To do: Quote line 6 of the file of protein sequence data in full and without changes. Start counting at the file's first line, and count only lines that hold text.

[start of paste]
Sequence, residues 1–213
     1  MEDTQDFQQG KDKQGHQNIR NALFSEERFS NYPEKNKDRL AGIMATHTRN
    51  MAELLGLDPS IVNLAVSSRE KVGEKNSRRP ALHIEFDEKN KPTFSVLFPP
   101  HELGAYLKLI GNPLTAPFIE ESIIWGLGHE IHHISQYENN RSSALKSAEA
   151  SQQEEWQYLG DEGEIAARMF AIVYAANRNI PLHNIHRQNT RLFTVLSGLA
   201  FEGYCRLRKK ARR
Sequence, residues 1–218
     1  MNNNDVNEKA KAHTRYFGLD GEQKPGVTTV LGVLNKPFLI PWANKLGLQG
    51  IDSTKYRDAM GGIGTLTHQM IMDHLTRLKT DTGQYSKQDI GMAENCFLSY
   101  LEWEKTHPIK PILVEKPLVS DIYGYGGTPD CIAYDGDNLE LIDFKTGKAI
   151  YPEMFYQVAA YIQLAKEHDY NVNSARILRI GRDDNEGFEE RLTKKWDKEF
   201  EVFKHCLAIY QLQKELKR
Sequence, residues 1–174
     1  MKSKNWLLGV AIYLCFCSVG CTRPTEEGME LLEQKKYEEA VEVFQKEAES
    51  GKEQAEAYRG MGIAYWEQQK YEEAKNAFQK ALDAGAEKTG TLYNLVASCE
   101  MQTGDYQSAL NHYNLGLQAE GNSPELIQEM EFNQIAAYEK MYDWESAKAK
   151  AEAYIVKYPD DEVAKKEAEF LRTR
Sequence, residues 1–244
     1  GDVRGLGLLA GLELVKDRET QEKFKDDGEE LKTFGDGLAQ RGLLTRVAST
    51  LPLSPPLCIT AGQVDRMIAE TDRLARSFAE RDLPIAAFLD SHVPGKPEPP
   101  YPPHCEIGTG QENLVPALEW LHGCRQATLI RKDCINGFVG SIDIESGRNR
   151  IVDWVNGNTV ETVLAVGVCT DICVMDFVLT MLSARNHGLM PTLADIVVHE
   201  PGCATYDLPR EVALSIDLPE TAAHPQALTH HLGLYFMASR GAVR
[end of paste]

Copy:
   201  FEGYCRLRKK ARR